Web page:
Each fall we leave the coneflowers alone in the garden hoping that finches will come by and get a nice meal. Until last week we had not had a finch visit. Well that all changed as a lone American Goldfinch wandered by and quickly took a liking to dried, but full of seeds, Coneflowers.
Just a few weeks ago the Rabbit Brush was in full bloom and hosting quite a party where everyone was invited. Rabbit Brush is a native plant found over much of the western United States that blooms in late fall providing one final burst of color before winter arrives. According to the USDA, Rabbit Brush:Chrysothamnus viscidiflorus, provides both nesting habitat and forage for a wide variety of birds, insects and small mammals. One of the more frequent visitors to the party were White Crowned Sparrows.
In this case an immature White-Crowned Sparrow seemed to be foraging for insects.
Another visitor we noticed on more than one occasion was the Monarch Butterly stopping by for a sip of nectar as they migrate south for the winter.
Last but not least the Ruby-crowned Kinglets found the party too good to ignore and we frequently saw them foraging through the bushes in each of a meal.
A beautiful plant and a welcome splash of color as snow is forecast for the weekend.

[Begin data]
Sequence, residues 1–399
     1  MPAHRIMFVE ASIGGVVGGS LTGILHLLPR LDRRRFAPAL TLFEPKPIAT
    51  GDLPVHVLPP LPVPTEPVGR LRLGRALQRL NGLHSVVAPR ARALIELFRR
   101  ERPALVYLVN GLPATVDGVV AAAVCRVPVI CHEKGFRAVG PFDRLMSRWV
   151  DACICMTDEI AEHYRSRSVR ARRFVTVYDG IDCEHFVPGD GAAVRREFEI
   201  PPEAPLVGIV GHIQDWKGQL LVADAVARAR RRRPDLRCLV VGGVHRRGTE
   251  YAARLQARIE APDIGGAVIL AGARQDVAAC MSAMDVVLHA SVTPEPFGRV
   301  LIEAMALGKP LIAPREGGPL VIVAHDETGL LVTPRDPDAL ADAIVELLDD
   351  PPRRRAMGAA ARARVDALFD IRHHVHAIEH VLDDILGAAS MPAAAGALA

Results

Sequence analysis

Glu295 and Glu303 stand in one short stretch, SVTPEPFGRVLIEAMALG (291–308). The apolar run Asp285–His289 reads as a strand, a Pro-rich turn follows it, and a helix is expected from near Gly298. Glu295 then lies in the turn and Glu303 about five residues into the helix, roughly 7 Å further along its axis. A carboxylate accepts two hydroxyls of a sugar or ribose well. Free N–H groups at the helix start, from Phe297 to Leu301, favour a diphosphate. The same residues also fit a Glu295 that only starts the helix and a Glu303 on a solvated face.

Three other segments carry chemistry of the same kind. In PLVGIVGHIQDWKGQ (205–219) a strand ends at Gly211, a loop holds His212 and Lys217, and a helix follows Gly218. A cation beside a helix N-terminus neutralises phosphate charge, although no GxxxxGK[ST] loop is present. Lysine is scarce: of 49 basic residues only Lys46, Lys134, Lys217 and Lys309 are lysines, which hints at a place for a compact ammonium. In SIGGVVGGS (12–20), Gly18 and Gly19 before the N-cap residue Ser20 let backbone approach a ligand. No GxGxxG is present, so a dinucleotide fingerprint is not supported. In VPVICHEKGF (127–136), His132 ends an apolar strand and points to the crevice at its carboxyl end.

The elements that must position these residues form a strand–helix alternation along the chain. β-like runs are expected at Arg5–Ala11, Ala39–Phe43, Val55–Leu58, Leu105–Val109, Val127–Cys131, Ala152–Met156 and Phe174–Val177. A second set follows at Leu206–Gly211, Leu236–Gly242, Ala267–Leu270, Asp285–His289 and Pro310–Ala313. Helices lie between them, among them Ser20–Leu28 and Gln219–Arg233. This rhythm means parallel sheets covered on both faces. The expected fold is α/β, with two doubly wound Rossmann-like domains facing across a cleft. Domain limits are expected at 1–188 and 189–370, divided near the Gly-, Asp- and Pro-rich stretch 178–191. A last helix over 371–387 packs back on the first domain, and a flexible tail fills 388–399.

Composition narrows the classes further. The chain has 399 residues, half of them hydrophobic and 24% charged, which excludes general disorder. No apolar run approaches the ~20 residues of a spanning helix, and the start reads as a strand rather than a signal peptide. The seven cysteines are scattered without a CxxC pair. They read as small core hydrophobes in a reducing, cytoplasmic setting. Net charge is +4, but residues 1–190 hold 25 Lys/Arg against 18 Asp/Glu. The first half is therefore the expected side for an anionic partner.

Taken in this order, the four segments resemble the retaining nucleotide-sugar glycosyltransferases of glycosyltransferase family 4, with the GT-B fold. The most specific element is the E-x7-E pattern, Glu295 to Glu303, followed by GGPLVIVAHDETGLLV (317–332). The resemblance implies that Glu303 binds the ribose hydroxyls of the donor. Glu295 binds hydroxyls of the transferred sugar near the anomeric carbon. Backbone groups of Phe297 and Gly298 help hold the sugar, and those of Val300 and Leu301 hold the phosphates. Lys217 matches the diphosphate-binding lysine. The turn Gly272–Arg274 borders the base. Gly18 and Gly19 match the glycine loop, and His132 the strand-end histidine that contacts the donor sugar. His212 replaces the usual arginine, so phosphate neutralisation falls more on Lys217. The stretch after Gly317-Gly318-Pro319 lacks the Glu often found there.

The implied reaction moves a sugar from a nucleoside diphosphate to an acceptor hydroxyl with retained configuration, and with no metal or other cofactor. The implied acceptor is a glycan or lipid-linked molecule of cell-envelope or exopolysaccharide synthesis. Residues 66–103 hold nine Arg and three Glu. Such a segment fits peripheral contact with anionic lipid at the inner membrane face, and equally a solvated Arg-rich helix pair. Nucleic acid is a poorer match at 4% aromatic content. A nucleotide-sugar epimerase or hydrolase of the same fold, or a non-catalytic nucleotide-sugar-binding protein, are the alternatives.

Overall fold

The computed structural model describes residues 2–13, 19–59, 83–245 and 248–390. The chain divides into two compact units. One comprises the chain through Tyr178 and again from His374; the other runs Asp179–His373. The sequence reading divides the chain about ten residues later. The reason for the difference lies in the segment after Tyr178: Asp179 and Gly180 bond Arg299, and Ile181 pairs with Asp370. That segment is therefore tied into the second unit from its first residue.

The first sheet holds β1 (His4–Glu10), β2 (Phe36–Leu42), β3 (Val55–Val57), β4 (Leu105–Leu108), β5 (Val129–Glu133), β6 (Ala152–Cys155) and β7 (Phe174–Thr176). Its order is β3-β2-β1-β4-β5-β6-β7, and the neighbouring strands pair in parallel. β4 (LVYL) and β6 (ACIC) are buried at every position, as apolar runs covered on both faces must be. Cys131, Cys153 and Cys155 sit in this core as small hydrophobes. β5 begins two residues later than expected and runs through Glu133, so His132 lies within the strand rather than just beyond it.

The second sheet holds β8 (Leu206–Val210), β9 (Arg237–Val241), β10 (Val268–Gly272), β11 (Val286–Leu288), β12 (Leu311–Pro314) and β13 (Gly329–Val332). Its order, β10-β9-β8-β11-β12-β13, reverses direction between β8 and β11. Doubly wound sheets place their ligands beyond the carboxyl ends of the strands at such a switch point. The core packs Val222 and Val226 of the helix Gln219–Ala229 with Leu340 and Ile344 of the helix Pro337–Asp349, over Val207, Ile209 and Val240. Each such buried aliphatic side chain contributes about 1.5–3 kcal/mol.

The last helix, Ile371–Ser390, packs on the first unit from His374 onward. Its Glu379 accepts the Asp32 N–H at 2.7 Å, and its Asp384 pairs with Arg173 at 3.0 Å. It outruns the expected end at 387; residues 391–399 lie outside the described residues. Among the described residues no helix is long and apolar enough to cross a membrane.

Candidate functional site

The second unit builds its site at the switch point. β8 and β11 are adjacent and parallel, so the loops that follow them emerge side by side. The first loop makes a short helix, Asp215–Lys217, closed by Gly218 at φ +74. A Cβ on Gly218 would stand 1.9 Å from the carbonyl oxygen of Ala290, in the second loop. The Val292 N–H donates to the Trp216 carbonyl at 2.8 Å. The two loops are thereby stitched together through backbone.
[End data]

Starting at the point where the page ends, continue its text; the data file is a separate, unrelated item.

And speaking of weekends, have a great one.
Golden fall colors reflecting upon a very calm lake. Silence is golden.
The golden glow of the Aspens in the morning light.
Two chickadees singing a-dee-dee-dee with a nuthatch honking as the leaves rustle in the breeze.
The crows gurgling and woodpeckers pecking in the distance.
Sights and sounds of the forest on a morning hike.
Almost like a drip from a leaky faucet this plant was sowing seeds slow and one at a time on a windless afternoon. One let loose and another follows. A wonderful display of flow in slow motion.
Small plants high up on a windy ridge doing their part in convincing me fall is indeed here.
High up in the hills the flowers have all flowered and transition fills the air. What a wonderful time.
The other day I saw a yellow flash land in a nice cedar tree. Thinking it was an unusual insect I quickly went over to get a look. Alas, it was not a new insect but a Honey Bee and to say this one was covered in pollen might be an understatement. This little bee could hard fly with the load they had acquired. After a few minutes of rest they slowly lifted off and headed back to the hive. A job well done.
We typically see only a few Preying Mantis each summer either while out hiking or in our garden. Last week, while out on a hike, we saw numerous Mantids and each one matched the specific grasses they resided in. The Mantid above was in grasses that were a mix of green and brown and the Mantid was green and brown.
While the Mantid above resided in fresh green grass.
This Mantids above were right at home in a field of brown.
We even got a look at one Mantid hanging upside down.
Photographed in Denver, CO